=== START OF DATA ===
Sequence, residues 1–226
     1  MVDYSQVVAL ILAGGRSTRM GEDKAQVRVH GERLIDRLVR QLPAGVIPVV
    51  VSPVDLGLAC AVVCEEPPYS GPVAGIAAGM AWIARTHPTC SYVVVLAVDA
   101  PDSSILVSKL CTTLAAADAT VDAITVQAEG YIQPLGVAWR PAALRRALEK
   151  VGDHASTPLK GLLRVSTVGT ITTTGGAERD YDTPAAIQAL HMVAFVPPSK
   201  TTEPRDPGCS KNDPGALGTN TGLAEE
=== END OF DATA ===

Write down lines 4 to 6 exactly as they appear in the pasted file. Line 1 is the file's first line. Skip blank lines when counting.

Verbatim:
   101  PDSSILVSKL CTTLAAADAT VDAITVQAEG YIQPLGVAWR PAALRRALEK
   151  VGDHASTPLK GLLRVSTVGT ITTTGGAERD YDTPAAIQAL HMVAFVPPSK
   201  TTEPRDPGCS KNDPGALGTN TGLAEE